The Centers for Disease Control and Prevention have reported a rise of certain STDs, such as chlamydia and gonorrhea, among college-age students. As a result, NC State’s Student Health Services is committed to treating and preventing STDs from spreading across campus.
Julie Ann Casani, director and medical director of Student Health Services, said that while cases of gonorrhea and syphilis have not been increasing overall, there has been a sharp rise of chlamydia cases among students.
According to Casani, NC State offers many services that can prevent STDs from spreading. Students who are at risk of being exposed to HIV can request a Pre-Exposure Prophylaxis (PrEP) prescription. Student Health also offers an HPV vaccine, and students can receive up to three male condoms and one female condom a day at the center.
Student Health also offers STD screening and testing services. Students who do not want an STD screening on their insurance can choose to pay Student Health Services directly, Casani said.
According to Heather Lawson, the outreach and student engagement coordinator, student Health Services also holds various seminars about sex education. The center does not host events or public programs, but rather a residential assistant or a student organization must request one.
“Any RA can email me and request a specialized program,” Lawson said. “If it is a student organization, I will work with the leader of that org to make sure the material is what they need for that audience. I will either put together a PowerPoint presentation, or if they want to do something less formal then it would turn into a conversation.”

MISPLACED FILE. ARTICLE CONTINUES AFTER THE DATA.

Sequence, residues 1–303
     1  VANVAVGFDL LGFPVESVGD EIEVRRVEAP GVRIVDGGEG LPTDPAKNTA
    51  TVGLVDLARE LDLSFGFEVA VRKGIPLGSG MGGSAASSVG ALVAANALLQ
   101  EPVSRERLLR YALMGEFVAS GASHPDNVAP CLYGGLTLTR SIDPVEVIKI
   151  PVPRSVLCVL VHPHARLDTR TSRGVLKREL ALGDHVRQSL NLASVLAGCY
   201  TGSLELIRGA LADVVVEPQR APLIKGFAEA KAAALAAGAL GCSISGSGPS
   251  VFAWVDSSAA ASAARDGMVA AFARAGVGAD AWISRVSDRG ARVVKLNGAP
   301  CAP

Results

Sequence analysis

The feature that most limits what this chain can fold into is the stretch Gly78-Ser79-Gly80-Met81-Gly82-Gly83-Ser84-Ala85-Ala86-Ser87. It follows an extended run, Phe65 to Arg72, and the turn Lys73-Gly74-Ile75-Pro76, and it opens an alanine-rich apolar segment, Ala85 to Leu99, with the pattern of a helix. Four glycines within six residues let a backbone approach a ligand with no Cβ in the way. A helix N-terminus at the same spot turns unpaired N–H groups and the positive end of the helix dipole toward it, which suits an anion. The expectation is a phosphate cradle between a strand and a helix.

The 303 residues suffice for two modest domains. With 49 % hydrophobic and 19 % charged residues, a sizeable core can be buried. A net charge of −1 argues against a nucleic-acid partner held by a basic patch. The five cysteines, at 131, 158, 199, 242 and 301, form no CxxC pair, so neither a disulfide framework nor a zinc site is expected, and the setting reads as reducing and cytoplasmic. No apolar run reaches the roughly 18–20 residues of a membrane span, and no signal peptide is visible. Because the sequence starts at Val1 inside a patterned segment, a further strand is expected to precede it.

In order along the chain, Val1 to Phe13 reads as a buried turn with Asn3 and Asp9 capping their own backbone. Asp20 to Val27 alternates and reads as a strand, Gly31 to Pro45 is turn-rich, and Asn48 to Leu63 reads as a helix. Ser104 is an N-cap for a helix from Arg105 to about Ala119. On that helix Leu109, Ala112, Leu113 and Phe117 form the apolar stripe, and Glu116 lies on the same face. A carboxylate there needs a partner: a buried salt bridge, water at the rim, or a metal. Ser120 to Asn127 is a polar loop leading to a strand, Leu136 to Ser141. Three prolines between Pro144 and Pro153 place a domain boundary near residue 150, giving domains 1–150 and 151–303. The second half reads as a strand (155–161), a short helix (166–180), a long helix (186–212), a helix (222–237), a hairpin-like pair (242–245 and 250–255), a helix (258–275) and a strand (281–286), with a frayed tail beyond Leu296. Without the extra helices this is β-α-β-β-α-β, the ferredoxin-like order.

Although Student Health offers many services to treat and inform about STDs, students should make an effort to protect themselves from various sexually transmitted infections.
Students should wear protection when engaging in sexual activities, get screened or tested when they are sexually active and be aware about how dangerous STDs are, Casani said.
“We were seeing a lot of young women with chlamydia, and we asked a couple of them, ‘Are you using protection, or what are you doing?’” said Casani. “And the response was, ‘It is easier to get treated than to use protection.’ And that is pretty scary, because in women, sexually transmitted infections can hide and do a lot of damage before you know you have an infection.”
Students interested in learning more about NC State’s health services can visit this website.